More and more, data is being generated and processed outside of the traditional data center, for instance across a growing number of remote and branch offices as well as mobile devices and edge sites hosting Internet of Things (IoT) sensors. As a result, most enterprises face a distributed environment that must be protected. Legacy data protection solutions require backup across each location individually, or that all locations are centrally backed up to a primary data center. These approaches result in significant costs and complexities that inhibit distributed enterprises from becoming strategic about data protection.
The first approach, deploying independent data protection solutions at each location, quickly becomes very expensive for the enterprise. Each site requires its own infrastructure, and for a secondary copy to be replicated elsewhere. Also, managing this disparate patchwork of solutions creates a management nightmare for IT.
Centralizing data protection to a primary data center requires backup infrastructure to be deployed at each location. Each site serves as a satellite of and sends backup copies to a centralized data center. Close interdependencies add complexity when it comes to backup job scheduling, and mean that backups will not occur at the remote sites if the primary implementation fails or is corrupted (adding risk). Additionally, costs can quickly scale because infrastructure must exist at each site, and because the central backup array must have enough capacity to accommodate the entire enterprise.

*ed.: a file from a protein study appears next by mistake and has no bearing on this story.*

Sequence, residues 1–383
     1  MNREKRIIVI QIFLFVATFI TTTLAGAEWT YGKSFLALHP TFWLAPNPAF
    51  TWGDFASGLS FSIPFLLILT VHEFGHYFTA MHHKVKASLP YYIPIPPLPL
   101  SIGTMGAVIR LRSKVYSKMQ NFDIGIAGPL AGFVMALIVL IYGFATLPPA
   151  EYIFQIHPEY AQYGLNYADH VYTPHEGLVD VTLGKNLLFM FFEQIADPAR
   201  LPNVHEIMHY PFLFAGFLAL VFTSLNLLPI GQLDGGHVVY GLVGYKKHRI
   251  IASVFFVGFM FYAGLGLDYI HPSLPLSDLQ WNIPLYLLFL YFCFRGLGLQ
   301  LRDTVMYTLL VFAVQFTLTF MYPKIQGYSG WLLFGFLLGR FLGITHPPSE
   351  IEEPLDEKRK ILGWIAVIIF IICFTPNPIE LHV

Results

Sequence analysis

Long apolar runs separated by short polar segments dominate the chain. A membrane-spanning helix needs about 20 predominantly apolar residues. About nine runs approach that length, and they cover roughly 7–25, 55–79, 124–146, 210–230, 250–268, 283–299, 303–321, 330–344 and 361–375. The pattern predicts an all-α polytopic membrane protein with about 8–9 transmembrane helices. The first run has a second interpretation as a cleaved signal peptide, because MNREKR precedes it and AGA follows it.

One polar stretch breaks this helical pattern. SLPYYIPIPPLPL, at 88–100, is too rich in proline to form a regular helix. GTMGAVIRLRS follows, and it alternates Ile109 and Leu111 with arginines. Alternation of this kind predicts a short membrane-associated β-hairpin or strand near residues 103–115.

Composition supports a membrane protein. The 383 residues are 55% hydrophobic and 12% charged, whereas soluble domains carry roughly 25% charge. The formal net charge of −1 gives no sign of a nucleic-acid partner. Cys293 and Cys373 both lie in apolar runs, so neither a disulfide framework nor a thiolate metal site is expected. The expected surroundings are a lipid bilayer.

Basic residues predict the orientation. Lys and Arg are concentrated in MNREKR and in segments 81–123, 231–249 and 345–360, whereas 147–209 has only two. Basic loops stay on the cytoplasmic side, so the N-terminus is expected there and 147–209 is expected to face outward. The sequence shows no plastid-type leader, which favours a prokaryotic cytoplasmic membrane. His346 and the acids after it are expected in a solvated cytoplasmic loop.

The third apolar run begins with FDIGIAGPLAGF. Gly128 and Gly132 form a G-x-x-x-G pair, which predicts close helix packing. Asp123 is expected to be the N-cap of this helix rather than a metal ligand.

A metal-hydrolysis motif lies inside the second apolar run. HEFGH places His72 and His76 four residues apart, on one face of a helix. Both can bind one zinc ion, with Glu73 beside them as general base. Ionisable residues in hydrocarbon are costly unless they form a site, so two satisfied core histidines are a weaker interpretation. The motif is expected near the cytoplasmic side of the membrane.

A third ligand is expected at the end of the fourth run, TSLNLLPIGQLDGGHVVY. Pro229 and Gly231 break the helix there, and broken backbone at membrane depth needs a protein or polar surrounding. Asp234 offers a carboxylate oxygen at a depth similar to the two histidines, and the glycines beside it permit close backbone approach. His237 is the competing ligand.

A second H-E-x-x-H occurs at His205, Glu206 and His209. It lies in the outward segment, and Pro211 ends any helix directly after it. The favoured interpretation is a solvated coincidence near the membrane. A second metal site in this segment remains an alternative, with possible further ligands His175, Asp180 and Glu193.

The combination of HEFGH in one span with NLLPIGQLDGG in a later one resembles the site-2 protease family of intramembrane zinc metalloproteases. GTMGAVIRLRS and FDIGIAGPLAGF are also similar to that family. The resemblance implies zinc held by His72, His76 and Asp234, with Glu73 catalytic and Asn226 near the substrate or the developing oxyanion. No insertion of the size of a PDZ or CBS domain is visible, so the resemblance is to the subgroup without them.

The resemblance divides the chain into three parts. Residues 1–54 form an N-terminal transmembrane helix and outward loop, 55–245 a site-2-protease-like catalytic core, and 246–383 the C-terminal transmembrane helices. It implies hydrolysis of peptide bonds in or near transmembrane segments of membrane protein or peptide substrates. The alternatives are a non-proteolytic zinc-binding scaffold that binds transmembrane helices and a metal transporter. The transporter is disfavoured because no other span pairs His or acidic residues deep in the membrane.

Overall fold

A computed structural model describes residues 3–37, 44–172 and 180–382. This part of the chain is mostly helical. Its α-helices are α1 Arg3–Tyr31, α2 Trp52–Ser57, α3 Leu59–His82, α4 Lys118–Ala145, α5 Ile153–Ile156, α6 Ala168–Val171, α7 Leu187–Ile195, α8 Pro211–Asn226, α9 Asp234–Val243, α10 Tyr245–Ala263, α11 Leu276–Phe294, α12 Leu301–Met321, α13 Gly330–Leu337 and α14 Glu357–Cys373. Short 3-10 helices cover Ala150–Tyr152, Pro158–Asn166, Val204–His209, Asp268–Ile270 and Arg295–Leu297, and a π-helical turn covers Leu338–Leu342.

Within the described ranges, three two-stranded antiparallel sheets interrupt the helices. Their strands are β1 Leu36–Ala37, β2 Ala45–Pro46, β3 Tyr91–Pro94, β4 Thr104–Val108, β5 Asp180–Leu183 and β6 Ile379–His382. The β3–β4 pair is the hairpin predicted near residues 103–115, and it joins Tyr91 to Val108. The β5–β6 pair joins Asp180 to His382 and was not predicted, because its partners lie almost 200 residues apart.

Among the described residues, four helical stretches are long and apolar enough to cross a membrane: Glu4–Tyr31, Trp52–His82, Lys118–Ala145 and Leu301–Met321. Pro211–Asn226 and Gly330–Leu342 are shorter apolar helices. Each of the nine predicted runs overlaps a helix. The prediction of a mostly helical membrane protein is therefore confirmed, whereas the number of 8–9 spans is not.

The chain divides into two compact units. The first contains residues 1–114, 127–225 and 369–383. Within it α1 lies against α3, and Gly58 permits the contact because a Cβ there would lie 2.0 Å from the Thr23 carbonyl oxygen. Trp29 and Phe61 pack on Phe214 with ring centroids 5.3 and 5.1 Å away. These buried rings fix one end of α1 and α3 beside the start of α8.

Modernizing to a centralized cloud backup solution can help to control costs and complexities while enabling the distributed enterprise to be strategic about data protection. Embracing the cloud for backup storage first enables the enterprise to bypass the majority, if not all, of hardware-related investments. Furthermore, disaster recovery solutions that embrace not only cloud storage services, but also compute cycles hosted in the cloud, lay the foundation for a pay-as-you-go model and simplified scalability as demands fluctuate. A cloud-first disaster recovery strategy also enables data deduplication across the distributed enterprise’s entire data set, increasing efficiency, while simplifying management through creating a centralized backup repository as well as unified management of backup jobs and other tasks.
Embracing a universal disaster recovery strategy is a necessity for enterprises today, with data increasingly facilitating competitive advantage and with compliance regulations becoming stricter. For today’s distributed enterprises, embracing the cloud may make universal disaster recovery more attainable. Each cloud disaster recovery provider takes a different approach, however – impacting cost effectiveness, as well as functionalities and levels of support, for each solution. Buyers should look for centralized support of data sources (for instance, across multi-cloud environments, endpoints, core data center environments, and edge or remote office locations), as well as for data governance and protection services that offer more holistic support beyond strictly backup.